Cybersecurity jargon between C-suite and specialists a key barrier – Information Age




Information Age
Insight and Analysis for the CTO
Jargon and confusing terminology used to describe threats are proving a major security barrier for UK C-suites.
Kaspersky research has found that over two-fifths (42 per cent) of UK C-level specialists believe that jargon around cybersecurity is the biggest reason for a lack of risk understanding at the top of organisations
For many UK-based C-level security, compliance, and risk specialists, jargon and confusing industry terms are currently presenting the greatest hurdle to the C-Suite’s understanding of cybersecurity and, most importantly, what they should do about it.
With over half of C-Suite executives surveyed (57 per cent) stating that the biggest risk facing their businesses are cybersecurity attacks — ahead of economic factors (30 per cent), industrial action (29 per cent) and natural disasters (26 per cent) — closing this communication gap is vital.
More specifically, almost half (46 per cent) of respondents said they found the cybersecurity terms ‘malware’ and ‘supply chain attacks’ to be confusing.
Meanwhile, more technical language used such as ‘zero day exploits’ and ‘Suricata rules’ saw similar levels of confusion, with 45 per cent and 48 per cent of respondents respectively claiming to not fully understand these terms.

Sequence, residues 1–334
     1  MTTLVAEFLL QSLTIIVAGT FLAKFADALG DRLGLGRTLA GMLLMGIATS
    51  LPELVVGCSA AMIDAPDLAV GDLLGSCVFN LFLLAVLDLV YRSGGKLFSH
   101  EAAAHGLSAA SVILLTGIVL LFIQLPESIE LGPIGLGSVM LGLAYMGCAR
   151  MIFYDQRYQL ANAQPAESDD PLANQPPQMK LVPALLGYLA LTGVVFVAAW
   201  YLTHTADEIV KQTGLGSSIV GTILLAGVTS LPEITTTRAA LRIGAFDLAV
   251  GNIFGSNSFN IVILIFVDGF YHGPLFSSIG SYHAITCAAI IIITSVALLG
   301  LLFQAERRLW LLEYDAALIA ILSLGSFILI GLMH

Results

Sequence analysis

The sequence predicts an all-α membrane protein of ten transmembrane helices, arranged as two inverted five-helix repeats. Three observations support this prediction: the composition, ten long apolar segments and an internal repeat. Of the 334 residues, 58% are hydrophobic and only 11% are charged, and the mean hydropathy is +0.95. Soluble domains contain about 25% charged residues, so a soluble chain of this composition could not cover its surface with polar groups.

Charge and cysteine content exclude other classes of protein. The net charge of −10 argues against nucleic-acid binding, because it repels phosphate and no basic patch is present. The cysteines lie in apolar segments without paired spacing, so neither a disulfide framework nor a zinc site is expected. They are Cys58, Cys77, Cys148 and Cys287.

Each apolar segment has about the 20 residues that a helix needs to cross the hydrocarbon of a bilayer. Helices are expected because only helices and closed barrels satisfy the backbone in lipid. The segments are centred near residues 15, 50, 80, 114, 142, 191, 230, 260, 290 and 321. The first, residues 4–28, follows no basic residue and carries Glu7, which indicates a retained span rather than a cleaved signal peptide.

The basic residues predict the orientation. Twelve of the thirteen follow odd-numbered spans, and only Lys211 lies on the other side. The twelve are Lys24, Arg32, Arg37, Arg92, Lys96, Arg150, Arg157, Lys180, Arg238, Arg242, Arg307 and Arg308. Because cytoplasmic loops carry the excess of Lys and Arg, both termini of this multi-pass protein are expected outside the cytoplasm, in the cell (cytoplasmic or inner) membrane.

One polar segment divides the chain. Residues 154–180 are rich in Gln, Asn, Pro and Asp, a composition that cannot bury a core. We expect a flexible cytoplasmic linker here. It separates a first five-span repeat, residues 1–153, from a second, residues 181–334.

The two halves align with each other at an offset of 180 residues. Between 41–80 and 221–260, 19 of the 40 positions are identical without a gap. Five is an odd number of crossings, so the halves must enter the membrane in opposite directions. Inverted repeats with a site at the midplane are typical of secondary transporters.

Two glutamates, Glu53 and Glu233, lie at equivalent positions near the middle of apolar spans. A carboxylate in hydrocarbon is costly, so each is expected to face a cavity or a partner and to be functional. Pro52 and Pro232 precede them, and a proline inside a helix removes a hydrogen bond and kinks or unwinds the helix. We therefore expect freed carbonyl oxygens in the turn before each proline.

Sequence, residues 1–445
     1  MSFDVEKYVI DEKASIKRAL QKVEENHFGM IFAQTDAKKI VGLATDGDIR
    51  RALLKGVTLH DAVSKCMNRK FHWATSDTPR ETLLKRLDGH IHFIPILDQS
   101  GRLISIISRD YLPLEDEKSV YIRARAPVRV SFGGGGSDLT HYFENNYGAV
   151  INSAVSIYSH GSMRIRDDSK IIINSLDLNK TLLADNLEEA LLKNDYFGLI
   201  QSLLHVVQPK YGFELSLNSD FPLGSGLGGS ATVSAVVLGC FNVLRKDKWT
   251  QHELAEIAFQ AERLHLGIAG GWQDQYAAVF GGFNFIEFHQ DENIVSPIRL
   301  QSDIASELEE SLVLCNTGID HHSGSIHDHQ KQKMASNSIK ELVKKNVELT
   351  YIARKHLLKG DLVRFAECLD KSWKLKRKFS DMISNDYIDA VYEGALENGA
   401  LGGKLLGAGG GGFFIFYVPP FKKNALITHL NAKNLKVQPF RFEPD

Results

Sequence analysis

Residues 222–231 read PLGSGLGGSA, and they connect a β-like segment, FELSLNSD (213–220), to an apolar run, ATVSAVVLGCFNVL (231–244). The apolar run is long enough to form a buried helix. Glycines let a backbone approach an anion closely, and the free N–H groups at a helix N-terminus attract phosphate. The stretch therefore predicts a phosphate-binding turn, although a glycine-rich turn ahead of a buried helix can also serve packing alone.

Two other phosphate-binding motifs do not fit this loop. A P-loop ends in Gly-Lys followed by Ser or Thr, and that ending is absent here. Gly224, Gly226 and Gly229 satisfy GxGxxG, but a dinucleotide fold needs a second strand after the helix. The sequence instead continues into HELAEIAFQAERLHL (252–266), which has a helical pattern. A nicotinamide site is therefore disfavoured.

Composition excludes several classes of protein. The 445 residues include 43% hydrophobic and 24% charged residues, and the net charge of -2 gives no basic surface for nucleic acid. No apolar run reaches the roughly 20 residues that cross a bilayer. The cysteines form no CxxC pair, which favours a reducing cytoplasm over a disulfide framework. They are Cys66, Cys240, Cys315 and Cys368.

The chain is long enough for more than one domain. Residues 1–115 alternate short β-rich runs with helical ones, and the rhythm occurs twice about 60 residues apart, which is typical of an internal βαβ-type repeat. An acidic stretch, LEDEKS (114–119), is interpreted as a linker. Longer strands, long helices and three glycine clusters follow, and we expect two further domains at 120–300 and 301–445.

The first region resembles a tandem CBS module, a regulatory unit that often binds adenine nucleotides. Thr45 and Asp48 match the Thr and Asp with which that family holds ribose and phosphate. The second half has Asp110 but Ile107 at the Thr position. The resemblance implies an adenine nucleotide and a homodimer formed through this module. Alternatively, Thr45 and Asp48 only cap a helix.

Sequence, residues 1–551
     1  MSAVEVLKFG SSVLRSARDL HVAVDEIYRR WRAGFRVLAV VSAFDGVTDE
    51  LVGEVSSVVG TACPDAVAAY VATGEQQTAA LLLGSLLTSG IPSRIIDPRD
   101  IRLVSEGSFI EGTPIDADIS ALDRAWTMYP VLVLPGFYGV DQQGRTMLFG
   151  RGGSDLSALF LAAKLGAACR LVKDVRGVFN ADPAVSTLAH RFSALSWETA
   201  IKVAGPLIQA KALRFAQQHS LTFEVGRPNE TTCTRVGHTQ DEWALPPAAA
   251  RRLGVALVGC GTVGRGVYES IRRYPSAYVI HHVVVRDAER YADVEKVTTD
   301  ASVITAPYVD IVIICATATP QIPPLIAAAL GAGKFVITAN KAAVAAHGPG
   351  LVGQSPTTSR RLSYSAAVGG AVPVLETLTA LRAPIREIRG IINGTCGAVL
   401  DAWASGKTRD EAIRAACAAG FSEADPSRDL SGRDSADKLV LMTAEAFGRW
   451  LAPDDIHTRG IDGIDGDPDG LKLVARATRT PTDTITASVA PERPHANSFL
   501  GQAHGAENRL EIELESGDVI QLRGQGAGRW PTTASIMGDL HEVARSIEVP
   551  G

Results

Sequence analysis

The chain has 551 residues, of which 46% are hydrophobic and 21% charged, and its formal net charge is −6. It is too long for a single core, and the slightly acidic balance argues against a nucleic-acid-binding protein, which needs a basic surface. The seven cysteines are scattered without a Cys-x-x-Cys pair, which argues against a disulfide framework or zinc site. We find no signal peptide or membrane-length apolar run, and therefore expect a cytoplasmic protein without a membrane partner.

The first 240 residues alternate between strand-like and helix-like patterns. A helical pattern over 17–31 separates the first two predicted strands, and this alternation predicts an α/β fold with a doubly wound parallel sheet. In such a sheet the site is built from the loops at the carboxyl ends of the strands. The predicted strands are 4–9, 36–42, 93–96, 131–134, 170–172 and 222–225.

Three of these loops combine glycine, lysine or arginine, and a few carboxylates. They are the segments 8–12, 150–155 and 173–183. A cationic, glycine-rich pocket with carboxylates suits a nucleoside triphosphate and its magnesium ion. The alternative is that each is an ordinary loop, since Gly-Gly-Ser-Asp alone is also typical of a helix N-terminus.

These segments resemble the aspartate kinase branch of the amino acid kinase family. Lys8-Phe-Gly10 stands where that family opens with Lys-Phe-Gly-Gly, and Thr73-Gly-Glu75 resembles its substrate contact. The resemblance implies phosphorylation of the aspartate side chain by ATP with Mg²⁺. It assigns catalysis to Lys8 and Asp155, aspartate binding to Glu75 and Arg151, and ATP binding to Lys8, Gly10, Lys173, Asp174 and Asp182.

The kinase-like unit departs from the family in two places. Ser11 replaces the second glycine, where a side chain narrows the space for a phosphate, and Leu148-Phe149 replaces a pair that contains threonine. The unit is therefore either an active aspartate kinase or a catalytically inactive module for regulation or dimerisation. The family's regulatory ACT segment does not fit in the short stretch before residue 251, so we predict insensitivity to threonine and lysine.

“Acronyms, jargon, and idioms act as shorthand for those in the know, but often seem confusing for anyone without direct experience of working in cybersecurity,” said Stuart Peters, general manager for UK and Ireland at Kaspersky.
“Our findings suggest that the inability from senior management within large organisations to truly understand the nature of the threats they’re constantly exposed to, means they are often not considered a boardroom priority.
“In other words, this paints a picture of high-powered C-Suite executives having to make timely, critical business decisions without a clear picture of their own unique threat landscape and the risk it poses to their organisation, preventing them to develop a culture of cybersecurity based on best-practices, knowledge-sharing, and ultimately actionable intelligence.”
>See also: Hervé Tessler – ‘Cyberattacks can mean total reputational death’
Despite nearly all (99 per cent) C-Suite respondents now being aware of how often their businesses are being attacked by threat actors, just one in three respondents said that cybersecurity was only sometimes an agenda item during board meetings, compared to 61 per cent identifying cybersecurity as an ever-present agenda item.
Additionally, nearly one in five (22 per cent) C-Suite respondents in companies with 5000+ employees said that cybersecurity is rarely an agenda item for meetings, compared to just under 2 per cent of C-Suite in companies between 1000-1999 or 2000-2999 employees —showing that awareness disconnect is more common at larger organisations.
Kaspersky conducted 1,800 interviews with C-level decision-makers in large enterprises of 1,000 or more employees, across 13 countries in Europe, for its report: ‘Separated by a common language: is the C-Suite able to truly decipher and act upon the real threat of cyberattacks?’. The full report can be found here.
Related:
Zero trust – what is it and why is strong authentication critical? — What is zero trust and why is it important?
Establishing a strong information security policy — Here’s how organisations can ensure they have a strong policy in place which reflects the needs of the business.
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